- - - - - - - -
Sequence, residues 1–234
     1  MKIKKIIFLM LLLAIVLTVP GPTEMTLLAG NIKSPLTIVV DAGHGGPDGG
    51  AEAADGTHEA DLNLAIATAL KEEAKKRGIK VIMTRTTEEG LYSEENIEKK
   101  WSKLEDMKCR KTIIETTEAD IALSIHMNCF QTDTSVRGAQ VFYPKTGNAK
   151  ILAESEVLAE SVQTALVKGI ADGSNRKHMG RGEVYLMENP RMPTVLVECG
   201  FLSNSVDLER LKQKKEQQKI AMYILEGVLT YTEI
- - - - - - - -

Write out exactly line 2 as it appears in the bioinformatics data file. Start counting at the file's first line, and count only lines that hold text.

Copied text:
     1  MKIKKIIFLM LLLAIVLTVP GPTEMTLLAG NIKSPLTIVV DAGHGGPDGG